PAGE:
Friday Five with Matti Klenell

Swedish designer Matti Klenell began his design career in 2000 after graduating with an MFA from Konstfack in 1999. Today he lends his Scandinavian design chops to companies like Muuto, Moooi, Källemo, Iittala, and David Design, all the while continuing to design and produce limited edition designs in his preferred medium of glass. Over the years he’s spent time teaching and lecturing, and serving as the Head of Department at Stockholm’s Beckmans College of Design from 2000-2006. His noteworthy designs have found permanent homes in various museum collections around the world and helped earn Klenell coveted national and international design awards. Let’s see what he’s currently inspired by in this week’s Friday Five.


1. Taiwan
During the last year, I have been engaged in a quite odd and very inspiring project where I design products and objects to be produced together with Taiwanese artisans and crafters. The project has brought me to the beautiful and exciting island twice so far and very soon I go back for a third visit. Taiwan is a crossroad of Asia with its influences from all parts of China, as well as from Japan.

During my stays I have spent very little time in the trendy districts of Taipei or Taichung city, instead I have travelled the island’s manufacturing areas responsible for what we call “Made in Taiwan”. It’s a country both proud and concerned of its manufacturing heritage. Beyond plastic key rings, blinking LED toys, and everything else you didn’t know you needed, there is another world of materials, skills, and unique expressions to be found. It becomes very apparent when you leave the overcrowded west coast and travel winding roads into the mountains to visit Mrs. Yuma Taru. She is a textile artist with aboriginal roots that is running a lifetime project to document the rich textile history of the island’s origin population.


2. Engineered Garments
It is very rare that I get so blown away by something I find in a store that I do whatever it takes to make it mine. Last time that happened was five years ago and it resulted in the purchase of 30 cork knobs designed by Jasper Morrison that I had no clear idea how to use. The other week this feeling of immediate love struck me again, this time in a clothing store and in the shape of a thin, dark blue coat from New York-based Engineered Garments.

The brand, with its workwear-influenced approach crossed with a little bit of Japanese flavor, is well-known to anybody fashion oriented but to me it was a new acquaintance. After some research, I am now sure that I have found a friend for life.

To strive for this very undefined and emotional sense of quality in the everyday is something I try to do in my work as well.

Photo by Bo Gyllander

Photo by Bo Gyllander

3. Johan Thurfjell
Johan Thurfjell is one of my absolute favorite artists and currently has an ongoing exhibition named From Here at Galerie Nordenhake in Stockholm. His work is grand in a quite subtle way, often with a poetic melancholy that skillfully balances on the edge of sentimentality. He presents images of landscapes so wide and dramatic that they can’t be for real but at the same time you have a strong feeling that you have visited them before.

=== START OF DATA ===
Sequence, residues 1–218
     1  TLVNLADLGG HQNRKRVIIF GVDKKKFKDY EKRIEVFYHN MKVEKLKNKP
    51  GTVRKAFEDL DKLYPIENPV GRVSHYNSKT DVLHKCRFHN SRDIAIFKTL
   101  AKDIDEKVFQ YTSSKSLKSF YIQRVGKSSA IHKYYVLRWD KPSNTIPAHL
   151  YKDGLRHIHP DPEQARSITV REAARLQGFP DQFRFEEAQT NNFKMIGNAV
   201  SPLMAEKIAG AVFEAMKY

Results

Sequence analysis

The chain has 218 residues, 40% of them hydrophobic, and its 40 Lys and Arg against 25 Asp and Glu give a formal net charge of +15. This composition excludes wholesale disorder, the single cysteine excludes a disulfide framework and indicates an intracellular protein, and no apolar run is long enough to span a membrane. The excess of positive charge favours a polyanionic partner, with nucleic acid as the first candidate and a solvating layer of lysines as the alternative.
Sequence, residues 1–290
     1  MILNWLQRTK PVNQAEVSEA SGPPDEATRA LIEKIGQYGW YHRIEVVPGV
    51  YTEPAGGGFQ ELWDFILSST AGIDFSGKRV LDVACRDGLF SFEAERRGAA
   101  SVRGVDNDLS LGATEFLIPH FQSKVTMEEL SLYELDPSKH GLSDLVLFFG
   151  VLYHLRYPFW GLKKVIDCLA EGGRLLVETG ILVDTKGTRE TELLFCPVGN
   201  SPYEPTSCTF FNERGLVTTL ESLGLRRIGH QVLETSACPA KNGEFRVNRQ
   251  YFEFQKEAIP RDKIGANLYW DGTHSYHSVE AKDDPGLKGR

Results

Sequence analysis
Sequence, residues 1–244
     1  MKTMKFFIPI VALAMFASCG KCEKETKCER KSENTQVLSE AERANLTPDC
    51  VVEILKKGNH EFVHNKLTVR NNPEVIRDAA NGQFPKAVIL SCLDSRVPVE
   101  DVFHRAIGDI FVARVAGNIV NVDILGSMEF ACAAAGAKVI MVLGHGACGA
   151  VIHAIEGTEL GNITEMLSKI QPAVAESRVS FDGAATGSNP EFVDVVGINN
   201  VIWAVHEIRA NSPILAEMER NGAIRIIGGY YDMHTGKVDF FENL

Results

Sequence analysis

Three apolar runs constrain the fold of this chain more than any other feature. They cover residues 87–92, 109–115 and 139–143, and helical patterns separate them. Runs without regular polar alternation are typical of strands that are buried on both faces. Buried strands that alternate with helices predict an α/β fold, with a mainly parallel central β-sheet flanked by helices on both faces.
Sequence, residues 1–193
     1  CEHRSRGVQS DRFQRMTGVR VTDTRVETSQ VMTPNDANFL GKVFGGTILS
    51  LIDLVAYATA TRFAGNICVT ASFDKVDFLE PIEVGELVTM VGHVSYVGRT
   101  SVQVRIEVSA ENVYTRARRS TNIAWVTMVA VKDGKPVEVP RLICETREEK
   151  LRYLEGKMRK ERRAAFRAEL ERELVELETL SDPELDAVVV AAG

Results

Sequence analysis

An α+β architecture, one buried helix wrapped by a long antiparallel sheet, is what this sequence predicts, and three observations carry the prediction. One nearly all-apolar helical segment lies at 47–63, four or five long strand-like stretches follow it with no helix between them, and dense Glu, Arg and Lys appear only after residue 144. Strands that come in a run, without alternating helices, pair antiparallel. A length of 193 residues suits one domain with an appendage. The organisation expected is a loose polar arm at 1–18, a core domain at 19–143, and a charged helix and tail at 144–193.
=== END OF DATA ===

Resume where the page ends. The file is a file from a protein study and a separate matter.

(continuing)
4. David Lynch & Lykke Li “I’m Waiting Here”
Movies are one of my main inspirations to new ideas and Lykke Li’s previous album is one of my favorite soundtracks at work. Therefore this quite fresh release probably is the song of the summer. It keeps growing the more I listen to it. A fun detail is that the video is created by Lykke Li (together with Daniel Desure) and not Mr. Lynch.


5. Harpa
In December last year, I visited Iceland and Reykjavik for the first time. It was a fantastic experience to explore the Icelandic landscape during a few cold, dark, and very windy days. But one thing exceeded both geysers, blue lagoons, and lava fields. That was the Mies van der Rohe award-winning Harpa concert hall designed by Henning Larsen and Olafur Eliasson. Situated in the Reykjavik harbor, the hall has been so critically acclaimed since it was completed in 2011 that I was sure to find it a bit disappointing. But it was the opposite. It’s a building in total harmony with both its surroundings and itself. Perfect in its scale and breathtakingly spectacular in its structure, it is an embodiment of Iceland in the shape of a building. It was long ago that I was so overwhelmed by a piece of architecture.

Photos by Matti Klenell, unless otherwise noted.

Caroline Williamson is Editorial Director of Design Milk. She has a BFA in photography from SCAD and can usually be found searching for vintage wares, doing New York Times crossword puzzles in pen, or reworking playlists on Spotify.